The puzzling picture of acute necrotizing encephalopathy after influenza A and B virus infection in young children


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Abstract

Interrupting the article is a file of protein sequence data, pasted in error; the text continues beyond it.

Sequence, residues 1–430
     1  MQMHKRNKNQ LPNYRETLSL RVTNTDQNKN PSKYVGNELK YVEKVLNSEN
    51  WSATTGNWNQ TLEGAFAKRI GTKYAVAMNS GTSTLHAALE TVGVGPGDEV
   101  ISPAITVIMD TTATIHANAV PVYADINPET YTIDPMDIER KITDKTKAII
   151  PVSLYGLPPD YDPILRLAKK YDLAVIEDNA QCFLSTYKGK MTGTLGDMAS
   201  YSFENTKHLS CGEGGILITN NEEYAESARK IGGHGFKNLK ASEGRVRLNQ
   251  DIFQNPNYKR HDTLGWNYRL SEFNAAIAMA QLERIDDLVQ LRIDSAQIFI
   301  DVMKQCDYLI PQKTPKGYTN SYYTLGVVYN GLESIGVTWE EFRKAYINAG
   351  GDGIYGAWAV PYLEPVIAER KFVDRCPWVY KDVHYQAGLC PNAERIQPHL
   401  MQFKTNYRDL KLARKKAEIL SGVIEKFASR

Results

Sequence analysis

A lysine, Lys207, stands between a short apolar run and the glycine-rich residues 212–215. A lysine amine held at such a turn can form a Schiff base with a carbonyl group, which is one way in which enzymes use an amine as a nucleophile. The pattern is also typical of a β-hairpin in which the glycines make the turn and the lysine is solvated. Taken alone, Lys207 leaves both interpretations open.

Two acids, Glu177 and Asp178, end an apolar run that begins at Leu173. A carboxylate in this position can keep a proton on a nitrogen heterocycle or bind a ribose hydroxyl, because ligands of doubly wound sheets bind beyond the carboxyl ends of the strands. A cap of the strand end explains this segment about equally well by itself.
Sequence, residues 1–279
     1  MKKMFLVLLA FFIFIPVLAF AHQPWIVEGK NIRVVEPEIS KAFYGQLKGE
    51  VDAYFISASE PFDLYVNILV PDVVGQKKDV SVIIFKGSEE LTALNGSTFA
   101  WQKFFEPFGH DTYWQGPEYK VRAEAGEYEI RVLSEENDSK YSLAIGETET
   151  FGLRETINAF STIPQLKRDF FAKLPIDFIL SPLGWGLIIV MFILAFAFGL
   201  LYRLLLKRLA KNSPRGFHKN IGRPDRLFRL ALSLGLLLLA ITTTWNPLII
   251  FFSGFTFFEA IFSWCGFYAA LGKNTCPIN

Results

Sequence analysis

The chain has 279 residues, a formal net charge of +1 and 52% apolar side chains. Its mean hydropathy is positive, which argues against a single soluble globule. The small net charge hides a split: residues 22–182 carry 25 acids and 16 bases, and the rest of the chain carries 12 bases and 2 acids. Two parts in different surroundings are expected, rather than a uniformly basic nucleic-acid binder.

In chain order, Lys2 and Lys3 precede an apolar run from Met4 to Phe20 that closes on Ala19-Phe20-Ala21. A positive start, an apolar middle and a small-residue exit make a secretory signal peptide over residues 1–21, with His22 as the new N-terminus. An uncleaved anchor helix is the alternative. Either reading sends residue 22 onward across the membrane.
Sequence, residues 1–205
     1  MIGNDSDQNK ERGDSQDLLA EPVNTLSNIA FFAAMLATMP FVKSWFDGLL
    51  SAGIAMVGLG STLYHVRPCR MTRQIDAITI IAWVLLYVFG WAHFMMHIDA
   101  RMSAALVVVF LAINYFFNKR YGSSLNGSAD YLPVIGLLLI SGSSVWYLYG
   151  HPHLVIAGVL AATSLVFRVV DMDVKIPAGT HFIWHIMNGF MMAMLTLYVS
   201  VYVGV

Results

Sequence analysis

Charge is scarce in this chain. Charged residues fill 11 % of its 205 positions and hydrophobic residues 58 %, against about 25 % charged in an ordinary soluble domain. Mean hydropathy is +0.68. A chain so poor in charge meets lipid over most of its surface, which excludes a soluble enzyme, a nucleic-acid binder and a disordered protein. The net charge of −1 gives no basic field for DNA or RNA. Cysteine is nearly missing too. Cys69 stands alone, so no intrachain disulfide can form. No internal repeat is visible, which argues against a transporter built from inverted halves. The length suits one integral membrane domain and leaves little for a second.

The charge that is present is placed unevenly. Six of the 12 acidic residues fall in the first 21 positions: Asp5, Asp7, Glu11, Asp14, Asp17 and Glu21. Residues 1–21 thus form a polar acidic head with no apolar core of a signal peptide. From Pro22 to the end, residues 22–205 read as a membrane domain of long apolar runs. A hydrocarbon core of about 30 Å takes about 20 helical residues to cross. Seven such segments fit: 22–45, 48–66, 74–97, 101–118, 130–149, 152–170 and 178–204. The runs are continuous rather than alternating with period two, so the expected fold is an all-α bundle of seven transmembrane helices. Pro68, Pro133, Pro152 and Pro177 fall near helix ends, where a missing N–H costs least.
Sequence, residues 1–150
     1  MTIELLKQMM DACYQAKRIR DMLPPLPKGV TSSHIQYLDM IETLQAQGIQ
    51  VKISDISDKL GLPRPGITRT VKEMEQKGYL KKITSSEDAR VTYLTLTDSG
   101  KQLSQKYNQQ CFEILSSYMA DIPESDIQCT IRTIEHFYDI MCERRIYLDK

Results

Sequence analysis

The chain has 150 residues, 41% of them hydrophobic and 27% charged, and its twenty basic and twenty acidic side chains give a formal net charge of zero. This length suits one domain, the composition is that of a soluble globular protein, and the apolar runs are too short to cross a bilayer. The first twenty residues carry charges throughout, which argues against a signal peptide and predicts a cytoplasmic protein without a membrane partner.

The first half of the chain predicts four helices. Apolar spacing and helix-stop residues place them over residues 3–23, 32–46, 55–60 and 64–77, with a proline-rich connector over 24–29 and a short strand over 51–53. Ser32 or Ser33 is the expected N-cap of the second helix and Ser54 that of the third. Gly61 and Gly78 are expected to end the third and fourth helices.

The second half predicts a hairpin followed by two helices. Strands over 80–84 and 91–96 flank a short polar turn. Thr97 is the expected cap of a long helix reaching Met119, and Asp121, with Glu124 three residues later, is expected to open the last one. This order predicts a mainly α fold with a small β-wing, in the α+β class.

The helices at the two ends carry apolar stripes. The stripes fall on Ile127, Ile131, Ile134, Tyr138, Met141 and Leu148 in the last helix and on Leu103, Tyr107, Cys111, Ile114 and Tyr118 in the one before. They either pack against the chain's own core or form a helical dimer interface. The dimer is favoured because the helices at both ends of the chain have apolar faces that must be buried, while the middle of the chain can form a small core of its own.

Acute necrotizing encephalopathy is a complication of influenza A and B virus infection in young children, especially in Japan. The disease is characterized by high fever, convulsions and coma. A prominent feature of this central nervous system disease is bilateral thalamic necrosis, documented by magnetic resonance imaging. The pathogenesis of the virus-associated brain pathology has not yet been elucidated. There is considerable circumstantial evidence that influenza immunization may decrease the likelihood of children developing acute necrotizing encephalopathy.

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